when I owned way less guitars and not fourteen of them, four basses, a banjo, and a Hawaiian lap steel (that I bought in Hawaii), I only had three, mostly average, on the cheap side axes that I’d been using for about ten years. One day I decided to buy a Fender Squire Jazzmaster. The Fender Squire range is the budget line for guitarists who’d like to own a Fender, but can’t afford one. They are about a third of the price of an actual Fender, and they are quite decent, really. There are a number of famous musicians who play them. Jack Pearson who played with the Allman Brothers plays a $99 Squire with minimal upgrades. The Smiths, George Harrison, John Mayall etc.
My Jazzmaster was great. It was light, and played really well. The only problem was the pickups were noisy, but my good friend Randy Bulpin said he would take it back to Vermont, and get this dude to de-noiseify it for about a hundred bucks. I’m not sure of the actual price, could have been more or less. After a few weeks I still didn’t have my guitar back, so I asked Randy to ship it back to me because I wanted to use it. It never did get the work done on it. It was essentially the same as when I gave it to him, plus the cost of shipping it back to me. Thanks pal. Anyway, I don’t know what happened, it doesn’t matter anyway.
The “60’s Vibe” Squire Jazzmaster. Mine looks identical!
A couple of years later the Jazzmaster started to have electrical problems. It would cut out at random times, until finally it stopped working altogether. I pulled it apart and tried to figure out what was wrong. The guts of a guitar are just a jumble of wires, resistors, pots and switches. It looked fine, but something was fucked up because there was no sound! I threw that pick guard away and bought a new one. That worked good, and I installed an old pickup that Randy had swapped out decades ago when he cannibalized another guitar that I had. I wasn’t really a guitar player, so I didn’t really care at the time. I put this old, ugly soap bar pickup in the Jazzmaster and it played ok. At least and at last it was working again. It looked like shit though. Because there was only one pick up on the body, there was a hole where the other one should be. It quite bugged me, because I really liked the way it played, and yet it had lost it’s charm, and looked like something the cat had dragged halfway in, dropped it, dragged it back out, and then dragged it back in again..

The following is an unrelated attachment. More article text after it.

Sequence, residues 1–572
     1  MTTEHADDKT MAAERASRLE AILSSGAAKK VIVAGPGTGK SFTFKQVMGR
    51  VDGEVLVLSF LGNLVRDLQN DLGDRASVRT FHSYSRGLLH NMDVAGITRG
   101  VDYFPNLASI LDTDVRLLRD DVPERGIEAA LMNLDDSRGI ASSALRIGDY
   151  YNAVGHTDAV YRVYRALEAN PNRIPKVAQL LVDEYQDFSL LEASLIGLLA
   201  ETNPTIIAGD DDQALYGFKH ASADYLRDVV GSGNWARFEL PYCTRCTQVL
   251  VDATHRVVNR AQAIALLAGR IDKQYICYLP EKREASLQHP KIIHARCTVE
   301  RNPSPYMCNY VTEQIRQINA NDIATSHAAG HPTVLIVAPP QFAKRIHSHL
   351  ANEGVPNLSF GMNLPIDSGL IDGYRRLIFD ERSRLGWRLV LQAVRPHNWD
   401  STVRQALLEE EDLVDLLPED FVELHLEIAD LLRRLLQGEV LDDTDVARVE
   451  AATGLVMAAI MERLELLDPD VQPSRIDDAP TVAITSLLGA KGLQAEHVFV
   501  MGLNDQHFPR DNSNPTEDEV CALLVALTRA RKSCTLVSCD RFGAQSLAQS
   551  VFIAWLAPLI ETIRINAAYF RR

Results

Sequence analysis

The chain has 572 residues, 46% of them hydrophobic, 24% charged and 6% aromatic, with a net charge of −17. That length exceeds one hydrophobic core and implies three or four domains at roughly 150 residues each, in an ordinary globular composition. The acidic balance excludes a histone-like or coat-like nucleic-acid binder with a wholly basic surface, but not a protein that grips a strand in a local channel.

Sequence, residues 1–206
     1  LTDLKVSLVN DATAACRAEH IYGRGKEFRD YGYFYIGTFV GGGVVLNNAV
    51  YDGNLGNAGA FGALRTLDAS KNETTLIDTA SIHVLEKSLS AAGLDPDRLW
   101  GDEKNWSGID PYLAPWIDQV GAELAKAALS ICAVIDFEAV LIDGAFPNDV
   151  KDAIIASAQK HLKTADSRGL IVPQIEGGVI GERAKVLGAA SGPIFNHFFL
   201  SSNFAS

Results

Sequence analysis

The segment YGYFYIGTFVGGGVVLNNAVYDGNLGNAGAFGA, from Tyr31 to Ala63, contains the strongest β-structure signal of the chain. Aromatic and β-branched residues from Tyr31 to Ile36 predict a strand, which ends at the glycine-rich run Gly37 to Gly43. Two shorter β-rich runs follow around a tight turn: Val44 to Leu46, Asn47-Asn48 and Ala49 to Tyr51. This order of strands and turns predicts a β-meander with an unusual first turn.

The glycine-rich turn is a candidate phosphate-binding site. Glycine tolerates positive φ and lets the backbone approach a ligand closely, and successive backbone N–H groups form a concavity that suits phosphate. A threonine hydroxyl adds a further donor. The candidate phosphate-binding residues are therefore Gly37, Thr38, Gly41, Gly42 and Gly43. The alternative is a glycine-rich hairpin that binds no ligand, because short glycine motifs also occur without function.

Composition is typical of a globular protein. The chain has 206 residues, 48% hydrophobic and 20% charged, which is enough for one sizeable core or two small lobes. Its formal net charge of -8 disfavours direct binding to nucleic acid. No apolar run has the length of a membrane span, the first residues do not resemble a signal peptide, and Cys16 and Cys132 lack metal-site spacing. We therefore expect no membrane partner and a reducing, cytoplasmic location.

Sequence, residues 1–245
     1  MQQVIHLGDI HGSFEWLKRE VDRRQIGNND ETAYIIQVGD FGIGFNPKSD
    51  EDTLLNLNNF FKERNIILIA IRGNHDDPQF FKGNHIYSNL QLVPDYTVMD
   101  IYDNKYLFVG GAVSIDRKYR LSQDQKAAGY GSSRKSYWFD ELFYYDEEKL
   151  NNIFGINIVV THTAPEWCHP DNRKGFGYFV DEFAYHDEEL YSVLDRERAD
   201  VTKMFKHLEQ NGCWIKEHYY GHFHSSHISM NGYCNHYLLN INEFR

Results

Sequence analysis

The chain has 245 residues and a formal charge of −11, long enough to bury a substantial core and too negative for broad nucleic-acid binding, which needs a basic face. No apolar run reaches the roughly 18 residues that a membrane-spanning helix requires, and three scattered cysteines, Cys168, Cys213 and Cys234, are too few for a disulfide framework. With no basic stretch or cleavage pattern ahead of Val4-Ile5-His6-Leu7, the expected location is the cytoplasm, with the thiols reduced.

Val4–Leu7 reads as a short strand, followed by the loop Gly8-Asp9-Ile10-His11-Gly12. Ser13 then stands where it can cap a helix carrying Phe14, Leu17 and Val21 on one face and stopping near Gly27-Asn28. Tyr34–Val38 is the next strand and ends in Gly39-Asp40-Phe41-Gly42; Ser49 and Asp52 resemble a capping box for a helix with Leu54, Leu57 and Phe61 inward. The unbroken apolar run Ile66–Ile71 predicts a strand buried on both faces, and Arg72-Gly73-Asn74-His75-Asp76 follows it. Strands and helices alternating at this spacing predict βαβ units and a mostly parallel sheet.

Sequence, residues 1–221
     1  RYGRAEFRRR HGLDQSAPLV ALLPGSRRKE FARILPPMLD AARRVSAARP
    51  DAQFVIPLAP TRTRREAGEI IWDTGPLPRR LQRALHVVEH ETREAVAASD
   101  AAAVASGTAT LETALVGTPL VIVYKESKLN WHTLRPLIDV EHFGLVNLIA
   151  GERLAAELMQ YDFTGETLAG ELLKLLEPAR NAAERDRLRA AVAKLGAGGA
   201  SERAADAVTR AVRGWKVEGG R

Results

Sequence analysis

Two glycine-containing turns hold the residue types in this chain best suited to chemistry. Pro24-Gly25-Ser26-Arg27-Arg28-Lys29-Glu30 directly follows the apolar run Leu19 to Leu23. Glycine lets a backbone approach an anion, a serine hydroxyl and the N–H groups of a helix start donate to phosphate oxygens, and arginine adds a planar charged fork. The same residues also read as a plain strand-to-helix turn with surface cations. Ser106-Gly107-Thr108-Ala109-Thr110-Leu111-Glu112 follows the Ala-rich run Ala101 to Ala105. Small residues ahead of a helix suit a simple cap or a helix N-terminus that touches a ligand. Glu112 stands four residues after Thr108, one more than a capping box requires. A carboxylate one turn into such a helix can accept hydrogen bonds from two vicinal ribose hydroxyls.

To cut a long story short, I bought another pick guard recently and installed that in place of the mess that was there. This was a proper Squire Jazzmaster pick guard, a 60’s Vibe Jazzmaster, in fact. I could have bought a more expensive one, but I didn’t know if the guitar was going to play as good as I remembered, so I only paid a hundred bucks for this one. The guitar itself, I think originally cost me about $300, so why spend more than you need to? The holes for the bridge weren’t exactly in the right place, but after drilling them out a bit, I finally had it back to what it should be.I left the old strings on too. It’s a keeper, for sure. Plays beautifully, is very light and well balanced, and the vintage sunburst finish is really cool.I love this guitar so much I want marry it. Not really. If she comes with it…maybe…
A hot chick and a Jazzmaster………even better!
Buying a guitar is a crap shoot sometimes. It’s like with everything. A car, a house, a cellphone even? It’s like going on a date. You think you might have some chemistry, but then it doesn’t last. You can’t really fix a psychologically fucked up guitar though. I’ve got guitars that I really like, and then some that cost more that I struggle to get enthused about. There’s nothing technically wrong with them, but they just don’t have that special something. This Squire Jazzmaster of mine is back in the top three now. All it needs is an E string.
I think the Jazzmaster is on this track…I think